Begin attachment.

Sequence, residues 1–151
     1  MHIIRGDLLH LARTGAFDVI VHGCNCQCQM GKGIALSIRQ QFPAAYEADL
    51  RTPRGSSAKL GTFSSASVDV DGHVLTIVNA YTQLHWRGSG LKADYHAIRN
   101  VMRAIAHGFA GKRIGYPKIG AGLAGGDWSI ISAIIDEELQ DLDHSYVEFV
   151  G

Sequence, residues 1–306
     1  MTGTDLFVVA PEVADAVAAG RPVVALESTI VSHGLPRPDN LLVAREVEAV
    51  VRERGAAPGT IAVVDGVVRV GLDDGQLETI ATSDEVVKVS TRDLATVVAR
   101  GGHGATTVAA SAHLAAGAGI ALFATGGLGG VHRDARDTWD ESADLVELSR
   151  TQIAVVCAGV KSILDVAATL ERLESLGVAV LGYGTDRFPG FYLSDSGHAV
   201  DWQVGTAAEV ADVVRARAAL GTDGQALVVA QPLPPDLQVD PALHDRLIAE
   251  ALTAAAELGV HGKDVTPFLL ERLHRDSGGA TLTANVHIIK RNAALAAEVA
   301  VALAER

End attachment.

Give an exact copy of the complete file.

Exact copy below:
Sequence, residues 1–151
     1  MHIIRGDLLH LARTGAFDVI VHGCNCQCQM GKGIALSIRQ QFPAAYEADL
    51  RTPRGSSAKL GTFSSASVDV DGHVLTIVNA YTQLHWRGSG LKADYHAIRN
   101  VMRAIAHGFA GKRIGYPKIG AGLAGGDWSI ISAIIDEELQ DLDHSYVEFV
   151  G

Sequence, residues 1–306
     1  MTGTDLFVVA PEVADAVAAG RPVVALESTI VSHGLPRPDN LLVAREVEAV
    51  VRERGAAPGT IAVVDGVVRV GLDDGQLETI ATSDEVVKVS TRDLATVVAR
   101  GGHGATTVAA SAHLAAGAGI ALFATGGLGG VHRDARDTWD ESADLVELSR
   151  TQIAVVCAGV KSILDVAATL ERLESLGVAV LGYGTDRFPG FYLSDSGHAV
   201  DWQVGTAAEV ADVVRARAAL GTDGQALVVA QPLPPDLQVD PALHDRLIAE
   251  ALTAAAELGV HGKDVTPFLL ERLHRDSGGA TLTANVHIIK RNAALAAEVA
   301  VALAER